Here we’re re-posting an article originally published on the Black Orchid Collective’s website,
“This aint about money! That’s far from the truth,
they want better work conditions to teach the youth.
Politicians, I don’t trust em, its all in the name
the president, the mayor all want political gain.
Theyd rather put the kids in jail, shackle em wit chains,
then provide an education that challenges the brain.”- Rebel Diaz, “Chicago Teacher” music video
I am a teacher in Seattle, and I’ve been following the Chicago teachers’ strike closely. I’m inspired to see any group of workers and oppressed people fighting back. If I were in Chicago, I’d be on the picket lines. At the same time, I’d like to pose some challenges about how struggles around the school system can go further, to more directly confront the rampant race and gender oppression reproduced daily in our schools. The quote above by Rebel Diaz speaks to what’s really going on. I think the teachers’ strike begins to address some of the problems in public education, but I don’t think we can defeat this oppression simply by supporting or relying on the teacher’s union.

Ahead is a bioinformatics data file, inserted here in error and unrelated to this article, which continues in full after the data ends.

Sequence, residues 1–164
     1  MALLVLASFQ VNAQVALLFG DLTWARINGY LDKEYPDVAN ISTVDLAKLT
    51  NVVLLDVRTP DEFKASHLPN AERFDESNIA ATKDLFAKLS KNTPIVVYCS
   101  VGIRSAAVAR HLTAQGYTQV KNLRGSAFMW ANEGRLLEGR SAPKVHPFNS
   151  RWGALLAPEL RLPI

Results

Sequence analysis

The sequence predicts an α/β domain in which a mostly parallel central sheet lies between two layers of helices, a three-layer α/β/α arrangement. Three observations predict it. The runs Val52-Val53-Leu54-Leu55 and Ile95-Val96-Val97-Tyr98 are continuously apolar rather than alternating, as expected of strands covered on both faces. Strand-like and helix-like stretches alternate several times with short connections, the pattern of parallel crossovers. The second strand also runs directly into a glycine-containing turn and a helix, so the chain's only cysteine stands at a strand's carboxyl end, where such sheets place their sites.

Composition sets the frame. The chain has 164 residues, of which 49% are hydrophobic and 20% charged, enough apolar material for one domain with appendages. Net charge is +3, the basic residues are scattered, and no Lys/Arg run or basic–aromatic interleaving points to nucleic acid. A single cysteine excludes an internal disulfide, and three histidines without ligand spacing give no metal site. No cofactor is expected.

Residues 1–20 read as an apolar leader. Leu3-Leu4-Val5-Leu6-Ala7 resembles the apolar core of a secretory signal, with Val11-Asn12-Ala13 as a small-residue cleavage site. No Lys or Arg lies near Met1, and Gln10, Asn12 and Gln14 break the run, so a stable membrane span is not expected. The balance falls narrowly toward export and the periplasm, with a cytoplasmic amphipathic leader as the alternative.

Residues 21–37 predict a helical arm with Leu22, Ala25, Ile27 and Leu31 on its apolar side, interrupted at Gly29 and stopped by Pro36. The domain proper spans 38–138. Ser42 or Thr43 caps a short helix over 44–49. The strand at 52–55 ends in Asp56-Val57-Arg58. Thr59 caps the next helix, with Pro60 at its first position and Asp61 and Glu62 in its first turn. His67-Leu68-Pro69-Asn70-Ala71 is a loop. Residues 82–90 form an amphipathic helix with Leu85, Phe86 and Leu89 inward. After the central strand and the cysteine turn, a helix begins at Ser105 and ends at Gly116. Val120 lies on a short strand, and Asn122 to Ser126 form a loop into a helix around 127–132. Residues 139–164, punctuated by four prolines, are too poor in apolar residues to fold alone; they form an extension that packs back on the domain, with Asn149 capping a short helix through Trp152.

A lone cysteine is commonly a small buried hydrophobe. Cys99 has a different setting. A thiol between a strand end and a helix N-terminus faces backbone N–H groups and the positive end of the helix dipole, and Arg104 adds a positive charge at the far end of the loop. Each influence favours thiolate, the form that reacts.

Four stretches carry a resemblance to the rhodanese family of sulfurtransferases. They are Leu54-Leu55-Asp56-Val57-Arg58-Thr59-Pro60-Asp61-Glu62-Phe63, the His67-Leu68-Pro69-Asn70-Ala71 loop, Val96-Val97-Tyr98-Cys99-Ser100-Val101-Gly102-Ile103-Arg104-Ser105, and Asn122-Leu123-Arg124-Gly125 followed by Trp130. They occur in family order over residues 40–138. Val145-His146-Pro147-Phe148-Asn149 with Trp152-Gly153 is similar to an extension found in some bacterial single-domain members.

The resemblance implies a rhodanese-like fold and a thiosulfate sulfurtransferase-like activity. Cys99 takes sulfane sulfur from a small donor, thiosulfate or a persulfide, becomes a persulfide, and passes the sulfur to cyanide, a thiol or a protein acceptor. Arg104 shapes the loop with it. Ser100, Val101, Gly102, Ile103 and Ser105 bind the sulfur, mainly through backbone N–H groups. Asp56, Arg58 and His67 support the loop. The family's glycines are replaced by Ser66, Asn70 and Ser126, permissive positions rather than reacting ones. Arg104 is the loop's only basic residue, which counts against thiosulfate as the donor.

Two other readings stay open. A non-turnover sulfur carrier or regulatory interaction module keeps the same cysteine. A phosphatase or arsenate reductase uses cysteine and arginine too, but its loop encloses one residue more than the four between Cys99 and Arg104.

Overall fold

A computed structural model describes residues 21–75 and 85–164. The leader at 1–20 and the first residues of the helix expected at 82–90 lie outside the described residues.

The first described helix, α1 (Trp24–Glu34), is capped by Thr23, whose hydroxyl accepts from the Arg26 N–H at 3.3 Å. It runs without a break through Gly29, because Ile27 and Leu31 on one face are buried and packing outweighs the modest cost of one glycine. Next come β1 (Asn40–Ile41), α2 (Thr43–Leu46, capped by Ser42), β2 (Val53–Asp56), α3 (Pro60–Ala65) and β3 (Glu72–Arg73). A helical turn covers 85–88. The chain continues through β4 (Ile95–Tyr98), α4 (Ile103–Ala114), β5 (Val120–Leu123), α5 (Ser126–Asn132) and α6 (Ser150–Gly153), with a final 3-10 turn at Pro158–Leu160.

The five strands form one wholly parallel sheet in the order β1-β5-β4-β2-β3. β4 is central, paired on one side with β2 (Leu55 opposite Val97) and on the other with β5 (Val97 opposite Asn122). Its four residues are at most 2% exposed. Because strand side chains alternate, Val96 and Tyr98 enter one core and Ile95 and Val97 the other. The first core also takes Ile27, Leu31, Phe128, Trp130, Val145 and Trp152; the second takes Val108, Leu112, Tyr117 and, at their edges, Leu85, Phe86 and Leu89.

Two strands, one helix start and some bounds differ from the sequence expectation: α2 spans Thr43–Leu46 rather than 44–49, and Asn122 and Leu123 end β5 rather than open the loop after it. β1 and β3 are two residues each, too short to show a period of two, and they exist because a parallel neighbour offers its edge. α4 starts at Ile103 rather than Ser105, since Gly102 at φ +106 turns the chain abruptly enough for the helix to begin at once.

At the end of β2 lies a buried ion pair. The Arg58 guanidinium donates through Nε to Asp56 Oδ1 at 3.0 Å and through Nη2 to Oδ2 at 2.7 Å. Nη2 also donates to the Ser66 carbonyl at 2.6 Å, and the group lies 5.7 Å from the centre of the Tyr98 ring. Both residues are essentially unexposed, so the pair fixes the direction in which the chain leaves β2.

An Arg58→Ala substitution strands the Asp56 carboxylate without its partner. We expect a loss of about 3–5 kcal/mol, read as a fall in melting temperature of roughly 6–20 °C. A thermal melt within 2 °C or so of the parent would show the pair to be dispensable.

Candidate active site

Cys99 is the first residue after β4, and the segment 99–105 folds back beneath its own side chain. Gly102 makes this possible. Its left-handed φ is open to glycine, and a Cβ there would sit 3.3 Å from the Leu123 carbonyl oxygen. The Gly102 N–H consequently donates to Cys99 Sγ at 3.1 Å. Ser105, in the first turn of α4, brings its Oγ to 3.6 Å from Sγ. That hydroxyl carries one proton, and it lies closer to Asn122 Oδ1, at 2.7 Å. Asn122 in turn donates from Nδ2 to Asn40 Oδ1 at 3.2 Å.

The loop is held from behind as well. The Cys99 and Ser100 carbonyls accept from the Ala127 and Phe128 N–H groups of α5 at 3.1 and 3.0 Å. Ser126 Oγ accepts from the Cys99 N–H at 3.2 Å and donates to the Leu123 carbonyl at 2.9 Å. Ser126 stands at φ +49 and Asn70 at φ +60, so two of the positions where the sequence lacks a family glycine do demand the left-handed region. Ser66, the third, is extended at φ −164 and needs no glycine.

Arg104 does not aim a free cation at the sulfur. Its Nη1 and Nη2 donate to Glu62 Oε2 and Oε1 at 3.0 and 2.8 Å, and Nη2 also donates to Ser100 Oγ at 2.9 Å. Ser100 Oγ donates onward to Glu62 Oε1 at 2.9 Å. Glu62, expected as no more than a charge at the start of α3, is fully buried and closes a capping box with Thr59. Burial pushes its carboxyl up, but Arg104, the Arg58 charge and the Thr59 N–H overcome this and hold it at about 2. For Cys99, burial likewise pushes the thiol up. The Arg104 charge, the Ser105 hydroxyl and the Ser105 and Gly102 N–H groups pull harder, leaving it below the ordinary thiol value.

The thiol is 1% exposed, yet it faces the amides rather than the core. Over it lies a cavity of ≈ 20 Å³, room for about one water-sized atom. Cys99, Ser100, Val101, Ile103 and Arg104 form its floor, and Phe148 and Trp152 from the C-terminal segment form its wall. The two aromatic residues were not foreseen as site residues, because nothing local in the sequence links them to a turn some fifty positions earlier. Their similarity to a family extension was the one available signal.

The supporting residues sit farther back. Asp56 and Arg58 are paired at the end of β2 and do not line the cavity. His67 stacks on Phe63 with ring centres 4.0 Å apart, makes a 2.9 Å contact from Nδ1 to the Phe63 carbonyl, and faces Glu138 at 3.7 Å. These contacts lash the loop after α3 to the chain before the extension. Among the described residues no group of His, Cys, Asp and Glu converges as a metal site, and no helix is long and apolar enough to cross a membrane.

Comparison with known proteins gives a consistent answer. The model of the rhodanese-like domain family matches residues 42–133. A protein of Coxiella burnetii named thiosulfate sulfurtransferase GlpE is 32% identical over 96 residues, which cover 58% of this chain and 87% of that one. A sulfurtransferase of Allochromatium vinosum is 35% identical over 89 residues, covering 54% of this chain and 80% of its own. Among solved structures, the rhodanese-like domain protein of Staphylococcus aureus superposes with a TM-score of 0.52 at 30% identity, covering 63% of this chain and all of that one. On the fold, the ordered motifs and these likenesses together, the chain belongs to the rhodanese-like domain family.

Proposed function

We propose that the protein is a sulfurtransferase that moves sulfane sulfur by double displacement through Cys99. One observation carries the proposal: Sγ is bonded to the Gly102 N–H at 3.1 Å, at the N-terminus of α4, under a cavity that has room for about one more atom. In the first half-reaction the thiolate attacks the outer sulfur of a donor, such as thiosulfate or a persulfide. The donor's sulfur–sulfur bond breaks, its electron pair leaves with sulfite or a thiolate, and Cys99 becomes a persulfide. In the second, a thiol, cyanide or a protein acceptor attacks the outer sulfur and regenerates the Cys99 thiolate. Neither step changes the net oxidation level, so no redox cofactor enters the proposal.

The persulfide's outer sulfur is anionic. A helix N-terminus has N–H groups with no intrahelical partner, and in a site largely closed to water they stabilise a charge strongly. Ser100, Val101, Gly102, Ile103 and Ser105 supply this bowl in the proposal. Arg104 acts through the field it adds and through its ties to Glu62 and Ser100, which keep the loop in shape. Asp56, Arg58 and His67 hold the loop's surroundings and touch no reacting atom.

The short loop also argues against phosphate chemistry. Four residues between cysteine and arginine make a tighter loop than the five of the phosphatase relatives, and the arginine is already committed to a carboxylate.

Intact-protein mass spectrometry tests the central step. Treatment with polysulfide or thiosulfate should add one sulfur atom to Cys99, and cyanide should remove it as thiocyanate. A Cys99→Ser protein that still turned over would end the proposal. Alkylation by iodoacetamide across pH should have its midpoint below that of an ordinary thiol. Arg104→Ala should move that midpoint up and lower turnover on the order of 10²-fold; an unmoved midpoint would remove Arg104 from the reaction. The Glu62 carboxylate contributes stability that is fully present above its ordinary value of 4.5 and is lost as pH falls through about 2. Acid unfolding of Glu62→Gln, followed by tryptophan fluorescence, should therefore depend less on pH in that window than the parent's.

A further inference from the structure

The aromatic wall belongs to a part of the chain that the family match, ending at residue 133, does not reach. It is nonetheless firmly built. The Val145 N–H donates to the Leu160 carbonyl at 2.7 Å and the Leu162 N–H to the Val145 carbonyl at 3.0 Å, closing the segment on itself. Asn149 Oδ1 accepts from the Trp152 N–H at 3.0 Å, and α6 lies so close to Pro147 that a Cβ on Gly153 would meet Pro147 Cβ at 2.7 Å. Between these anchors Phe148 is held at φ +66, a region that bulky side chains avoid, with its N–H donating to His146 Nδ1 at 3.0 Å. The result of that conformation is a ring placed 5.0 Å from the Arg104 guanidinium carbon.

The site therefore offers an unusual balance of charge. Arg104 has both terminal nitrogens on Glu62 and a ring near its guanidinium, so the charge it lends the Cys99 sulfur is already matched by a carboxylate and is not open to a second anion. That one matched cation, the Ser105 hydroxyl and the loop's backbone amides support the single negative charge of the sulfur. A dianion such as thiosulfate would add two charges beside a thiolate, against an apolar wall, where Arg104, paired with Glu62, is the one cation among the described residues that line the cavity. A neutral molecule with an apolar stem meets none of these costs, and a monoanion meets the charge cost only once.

In this article, Madaline tells the story of how she fell into organizing and the IWW – pushed both by terrible bosses and by amazing solidarity among her coworkers.
Working at Artistry
By Madaline Dreyfus
If the first week of work at Artistry Bakery and Cafe was any indication, there was no way this four-month experience should ever have resulted in two of the strongest friendships in my life. I was introduced on the first day to a group of men and women, mostly about University age, who were also going to be working with me at the restaurant. Before our new manager arrived to start the training, I started talking to a tall, tattooed woman, and the conversation turned to things which embarrassed us. I said that I was embarrassed by my one of my middle names, Ruth, and continued for several minutes to tell her how much I disliked this name. Confidently, I ended with “God, I mean, what a horrible thing to do to your daughter. What’s your name?”
Stone-faced she stared and me and said “Ruth”. I was fairly sure she wouldn’t ever want to speak to me again. (more…)